Parashat Metzora

Modern Untouchables: Our Sins Of Exclusion

Parashat Metzora calls attention to how we treat those who are excluded and alienated from our society.

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No one with tzaraat is viewed as a permanent outcast. Their return to the community is envisioned after healing and a re-introduction ritual presided over by the priest. Finally, it is viewed as a truly regrettable and desperate situation to be avoided if at all possible. To prevent needless isolation, a thorough skin examination is required by an expert, and the rabbis illustrate the variety of instances in which the appearance of tzaraat is called into doubt.

It is troubling, then, to consider the extent to which we render those in our society who are most vulnerable as surrogate "metzora'im," outcasts in the manner described by the Torah portion. Regrettably, yet predictably, the poor, the uneducated, the mentally ill, all those who are deemed to be social pariahs, generally by no fault of their own, come to occupy a position of perpetual exclusion from the blessings of our society.

As these metzora'im are outcasts, so are all those who live in perpetual exclusion from adequate education, health care, a sense of safety and daily well being. As the metzora'im are "untouchable," so are those exiled by poverty ignored and disdained.

Treatment of the Poor

Furthermore, in light of this week's Torah portion, our society's treatment of the poor is particularly egregious. Leviticus at least views tzaraat as temporary, assuming that the afflicted individual will rejoin the community. The scourge of our society is that we expect only exceptional individuals in extraordinary circumstances to benefit from such social transformation. Contrary to every humane impulse of Jewish tradition, we have rendered poverty a pathology for which there is no cure, an exile for which there is no return.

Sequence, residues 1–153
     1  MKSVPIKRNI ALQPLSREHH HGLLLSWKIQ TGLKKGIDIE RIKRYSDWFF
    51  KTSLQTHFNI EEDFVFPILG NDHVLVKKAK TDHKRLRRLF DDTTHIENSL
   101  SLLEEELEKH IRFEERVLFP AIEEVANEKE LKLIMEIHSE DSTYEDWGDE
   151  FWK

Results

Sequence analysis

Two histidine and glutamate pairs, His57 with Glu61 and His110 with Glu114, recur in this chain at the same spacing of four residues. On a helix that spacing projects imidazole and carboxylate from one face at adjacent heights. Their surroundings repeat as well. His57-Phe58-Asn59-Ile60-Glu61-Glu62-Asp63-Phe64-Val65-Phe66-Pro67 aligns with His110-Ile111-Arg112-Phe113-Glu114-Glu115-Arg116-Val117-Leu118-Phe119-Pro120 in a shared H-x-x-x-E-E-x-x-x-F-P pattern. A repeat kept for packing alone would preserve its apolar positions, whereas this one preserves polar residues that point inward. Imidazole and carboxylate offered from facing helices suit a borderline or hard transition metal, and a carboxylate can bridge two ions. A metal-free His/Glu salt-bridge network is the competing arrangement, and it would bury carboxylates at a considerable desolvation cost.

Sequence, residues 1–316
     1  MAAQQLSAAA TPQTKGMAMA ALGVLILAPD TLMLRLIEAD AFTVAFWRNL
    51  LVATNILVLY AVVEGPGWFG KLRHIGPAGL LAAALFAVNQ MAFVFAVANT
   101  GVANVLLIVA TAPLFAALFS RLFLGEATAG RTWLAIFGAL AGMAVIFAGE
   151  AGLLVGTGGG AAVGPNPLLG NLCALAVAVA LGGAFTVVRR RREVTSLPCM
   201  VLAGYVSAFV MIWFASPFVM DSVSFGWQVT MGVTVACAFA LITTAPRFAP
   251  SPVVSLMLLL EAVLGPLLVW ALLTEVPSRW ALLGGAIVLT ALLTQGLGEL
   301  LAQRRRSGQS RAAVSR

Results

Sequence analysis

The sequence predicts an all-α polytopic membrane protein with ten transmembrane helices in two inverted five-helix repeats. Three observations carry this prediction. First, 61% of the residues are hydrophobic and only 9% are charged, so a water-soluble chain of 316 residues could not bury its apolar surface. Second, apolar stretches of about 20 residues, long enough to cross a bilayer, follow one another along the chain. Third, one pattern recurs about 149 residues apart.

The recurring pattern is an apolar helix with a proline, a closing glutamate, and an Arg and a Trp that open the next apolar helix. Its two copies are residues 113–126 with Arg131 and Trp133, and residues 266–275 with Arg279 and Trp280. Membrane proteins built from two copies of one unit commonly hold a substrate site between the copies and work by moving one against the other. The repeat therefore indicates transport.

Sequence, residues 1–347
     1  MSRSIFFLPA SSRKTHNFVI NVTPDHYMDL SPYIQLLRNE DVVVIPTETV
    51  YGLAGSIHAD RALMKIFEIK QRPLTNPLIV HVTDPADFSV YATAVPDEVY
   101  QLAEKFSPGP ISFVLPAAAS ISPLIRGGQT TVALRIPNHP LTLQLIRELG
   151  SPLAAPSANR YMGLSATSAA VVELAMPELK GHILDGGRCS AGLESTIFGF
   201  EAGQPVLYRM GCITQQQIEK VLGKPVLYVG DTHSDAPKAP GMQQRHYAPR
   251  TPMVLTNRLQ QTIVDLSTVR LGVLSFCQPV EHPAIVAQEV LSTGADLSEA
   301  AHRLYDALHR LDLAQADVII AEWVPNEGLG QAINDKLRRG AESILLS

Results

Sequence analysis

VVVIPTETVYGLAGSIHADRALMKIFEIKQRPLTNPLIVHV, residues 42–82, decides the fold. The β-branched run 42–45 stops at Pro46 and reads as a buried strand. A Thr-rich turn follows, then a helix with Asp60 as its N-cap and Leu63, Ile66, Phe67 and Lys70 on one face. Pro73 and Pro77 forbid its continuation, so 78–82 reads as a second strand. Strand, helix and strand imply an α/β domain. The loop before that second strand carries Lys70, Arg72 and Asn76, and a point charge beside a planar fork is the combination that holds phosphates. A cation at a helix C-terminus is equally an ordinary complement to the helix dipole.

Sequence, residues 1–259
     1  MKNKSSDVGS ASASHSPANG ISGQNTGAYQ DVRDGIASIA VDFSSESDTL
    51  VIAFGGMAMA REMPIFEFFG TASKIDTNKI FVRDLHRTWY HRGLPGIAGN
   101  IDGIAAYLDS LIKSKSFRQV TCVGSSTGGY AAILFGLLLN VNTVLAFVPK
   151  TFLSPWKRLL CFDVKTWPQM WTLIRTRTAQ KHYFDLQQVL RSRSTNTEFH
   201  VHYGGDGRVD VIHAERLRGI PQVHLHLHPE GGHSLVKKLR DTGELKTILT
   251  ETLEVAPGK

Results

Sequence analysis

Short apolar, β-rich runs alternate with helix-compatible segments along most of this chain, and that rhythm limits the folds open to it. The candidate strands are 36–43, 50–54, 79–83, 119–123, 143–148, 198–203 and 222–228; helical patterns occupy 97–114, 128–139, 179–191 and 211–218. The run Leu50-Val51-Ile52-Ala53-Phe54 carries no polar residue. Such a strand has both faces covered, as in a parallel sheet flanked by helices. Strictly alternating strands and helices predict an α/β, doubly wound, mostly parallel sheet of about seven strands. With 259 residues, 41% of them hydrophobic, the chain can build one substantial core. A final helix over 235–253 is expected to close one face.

Such treatment, by the standards of the Torah, is not only unjust, but blasphemous. Consider the famous line from chapter 58 of Isaiah, verses 6-7, that what God desires is for all to share their bread with the hungry, to welcome the homeless into their own home.

The great teaching of Isaiah is to view the poor not as alien, but as integral to our community, also created in the Divine image. It is a realization that begs immediate response, acting in such a way as to transform hearts of stone into compassionate hearts of flesh, fashioning a society in which no exclusion is permanent.

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Rabbi Justin David

Rabbi Justin David is the spiritual leader of Congregation B'nai Israel in Northampton, MA. He was ordained by the Jewish Theological Seminary of America and is a graduate of Oberlin College. He lives in Northampton with his wife, Judith Wolf, and his sons Lior and Ezra.